Heavy metals that leach from contaminated soils under acid rain are of increasing concern. In this study, simulated acid rain (SAR) was pumped through columns of artificially contaminated purple soil. Column leaching tests and sequential extraction were conducted for the heavy metals Cu, Pb, Cd, and Zn to determine the extent of their leaching as well as to examine the transformation of their speciation in the artificially contaminated soil columns. Results showed that the maximum leachate concentrations of Cu, Pb, Cd, and Zn were less than those specified in the Chinese Quality Standards for Groundwater (Grade IV), thereby suggesting that the heavy metals that leached from the polluted purple soil receiving acid rain may not pose as risks to water quality. Most of the Pb and Cd leachate concentrations were below their detection limits. By contrast, higher Cu and Zn leachate concentrations were found because they were released by the soil in larger amounts as compared with those of Pb and Cd. The differences in the Cu and Zn leachate concentrations between the controls (SAR at pH 5.6) and the treatments (SAR at pH 3.0 and 4.5) were significant. Similar trends were observed in the total leached amounts of Cu and Zn. The proportions of Cu, Pb, Cd, and Zn in the EXC and OX fractions were generally increased after the leaching experiment at three pH levels, whereas those of the RES, OM, and CAR fractions were slightly decreased. Acid rain favors the leaching of heavy metals from the contaminated purple soil and makes the heavy metal fractions become more labile. Moreover, a pH decrease from 5.6 to 3.0 significantly enhanced such effects.
Citation: Zheng S-a, Zheng X, Chen C (2012) Leaching Behavior of Heavy Metals and Transformation of Their Speciation in Polluted Soil Receiving Simulated Acid Rain. PLoS ONE 7(11): e49664. https://doi.org/10.1371/journal.pone.0049664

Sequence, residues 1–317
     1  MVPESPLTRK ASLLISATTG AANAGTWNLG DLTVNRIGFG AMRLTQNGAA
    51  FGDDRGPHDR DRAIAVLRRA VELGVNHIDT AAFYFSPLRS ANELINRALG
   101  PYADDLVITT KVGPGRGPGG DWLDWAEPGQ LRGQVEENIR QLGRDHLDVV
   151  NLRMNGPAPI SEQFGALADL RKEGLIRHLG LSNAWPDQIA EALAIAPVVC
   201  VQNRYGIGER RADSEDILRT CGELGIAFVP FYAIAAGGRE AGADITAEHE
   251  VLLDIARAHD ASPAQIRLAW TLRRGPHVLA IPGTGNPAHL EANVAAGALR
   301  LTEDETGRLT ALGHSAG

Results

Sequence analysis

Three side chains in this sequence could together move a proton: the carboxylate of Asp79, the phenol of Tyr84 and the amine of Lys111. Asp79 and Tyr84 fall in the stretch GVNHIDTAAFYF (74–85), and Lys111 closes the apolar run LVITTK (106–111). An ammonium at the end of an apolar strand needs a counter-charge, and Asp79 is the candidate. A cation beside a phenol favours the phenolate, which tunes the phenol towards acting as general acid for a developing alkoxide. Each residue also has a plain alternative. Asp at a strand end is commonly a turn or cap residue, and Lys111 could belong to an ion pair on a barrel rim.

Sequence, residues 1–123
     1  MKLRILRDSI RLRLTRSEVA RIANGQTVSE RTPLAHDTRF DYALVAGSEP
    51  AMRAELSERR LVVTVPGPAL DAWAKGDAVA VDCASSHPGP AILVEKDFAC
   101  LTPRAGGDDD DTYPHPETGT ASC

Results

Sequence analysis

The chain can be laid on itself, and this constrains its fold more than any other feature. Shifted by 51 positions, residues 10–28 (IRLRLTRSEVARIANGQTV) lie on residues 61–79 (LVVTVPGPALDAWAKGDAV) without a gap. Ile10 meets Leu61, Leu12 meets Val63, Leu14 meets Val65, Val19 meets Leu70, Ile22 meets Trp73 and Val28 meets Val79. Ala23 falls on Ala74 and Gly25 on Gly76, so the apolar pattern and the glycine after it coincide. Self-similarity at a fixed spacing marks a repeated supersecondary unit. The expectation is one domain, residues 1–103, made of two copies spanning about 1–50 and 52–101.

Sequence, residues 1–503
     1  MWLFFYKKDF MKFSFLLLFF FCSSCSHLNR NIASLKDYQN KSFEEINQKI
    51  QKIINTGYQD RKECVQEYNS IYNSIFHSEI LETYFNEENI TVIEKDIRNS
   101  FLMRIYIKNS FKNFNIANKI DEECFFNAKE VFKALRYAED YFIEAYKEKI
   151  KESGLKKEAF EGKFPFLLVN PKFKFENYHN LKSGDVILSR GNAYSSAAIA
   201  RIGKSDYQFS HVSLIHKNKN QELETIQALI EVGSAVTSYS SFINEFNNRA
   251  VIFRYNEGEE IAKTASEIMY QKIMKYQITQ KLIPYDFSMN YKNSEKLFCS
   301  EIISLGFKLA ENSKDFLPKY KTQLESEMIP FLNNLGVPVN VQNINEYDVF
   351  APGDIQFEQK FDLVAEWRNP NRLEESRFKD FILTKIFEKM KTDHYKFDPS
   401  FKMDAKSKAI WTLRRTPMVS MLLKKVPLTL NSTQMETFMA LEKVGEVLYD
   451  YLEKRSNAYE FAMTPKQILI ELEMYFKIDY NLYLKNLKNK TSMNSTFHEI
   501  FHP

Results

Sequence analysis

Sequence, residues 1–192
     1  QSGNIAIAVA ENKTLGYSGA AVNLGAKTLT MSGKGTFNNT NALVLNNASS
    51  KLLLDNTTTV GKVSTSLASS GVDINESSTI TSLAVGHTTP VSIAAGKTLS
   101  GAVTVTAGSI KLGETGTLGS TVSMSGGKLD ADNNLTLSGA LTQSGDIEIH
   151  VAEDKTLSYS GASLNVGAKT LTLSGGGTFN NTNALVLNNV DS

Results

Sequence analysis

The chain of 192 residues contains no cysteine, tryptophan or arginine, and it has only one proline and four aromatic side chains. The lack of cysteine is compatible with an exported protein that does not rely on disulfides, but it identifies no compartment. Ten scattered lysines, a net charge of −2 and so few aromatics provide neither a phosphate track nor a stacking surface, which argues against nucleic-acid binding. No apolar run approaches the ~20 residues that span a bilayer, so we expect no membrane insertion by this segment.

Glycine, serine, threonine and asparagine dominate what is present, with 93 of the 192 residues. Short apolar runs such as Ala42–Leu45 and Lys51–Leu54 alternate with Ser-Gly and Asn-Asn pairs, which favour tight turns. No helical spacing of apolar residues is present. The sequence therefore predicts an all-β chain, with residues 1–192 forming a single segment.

Editor: Stephen J. Johnson, University of Kansas, United States of America
Received: June 1, 2012; Accepted: October 16, 2012; Published: November 21, 2012
Copyright: © 2012 Zheng et al. This is an open-access article distributed under the terms of the Creative Commons Attribution License, which permits unrestricted use, distribution, and reproduction in any medium, provided the original author and source are credited.
Funding: This work was financially supported by Central Public Research Institutes Basic Funds for Research and Development (Agro-Environmental Protection Institute, Ministry of Agriculture). The funders had no role in study design, data collection and analysis, decision to publish, or preparation of the manuscript.
Competing interests: The authors have declared that no competing interests exist.
Acid rain has been a well-known environmental problem for decades and can lead to acidification of surface waters and soils. Acid deposition is formed from SO2 and NOx emitted to the atmosphere, largely because of fossil-fuel combustion. The most important sources are energy production, especially coal- and oil-fired power plants, and transportation sources, such as vehicles and ships. The air pollutants are transformed in the atmosphere to H2SO4 and HNO3, transported across distances potentially as far as hundreds of kilometers, and deposited as precipitation (wet deposition) and as gas and particles (dry deposition) , . Acid deposition is also an environmental problem of increasing concern in China, where acid rain is mainly distributed in the areas of Yangtze River to the south, Qinghai-Tibet Plateau to the east, and in the Sichuan Basin. About 40% of the total territory of China is affected by the acid rain . Sichuan Basin is one of the most severely hit-area of acid rain in southern China, where the rapid industrialization for last few decades has caused fast growth in sulfur emissions. Based on the monitoring data for 21 cities in Sichuan Province within the State-Controlled-Network of China, the number of cities with the annual average pH value of acid rain lower than 5.6 was 19. According to the environmental protection and monitoring agencies in Sichuan Province, the direct economic loss due to acid rain is estimated to be U. S. $ 3 billion for one year .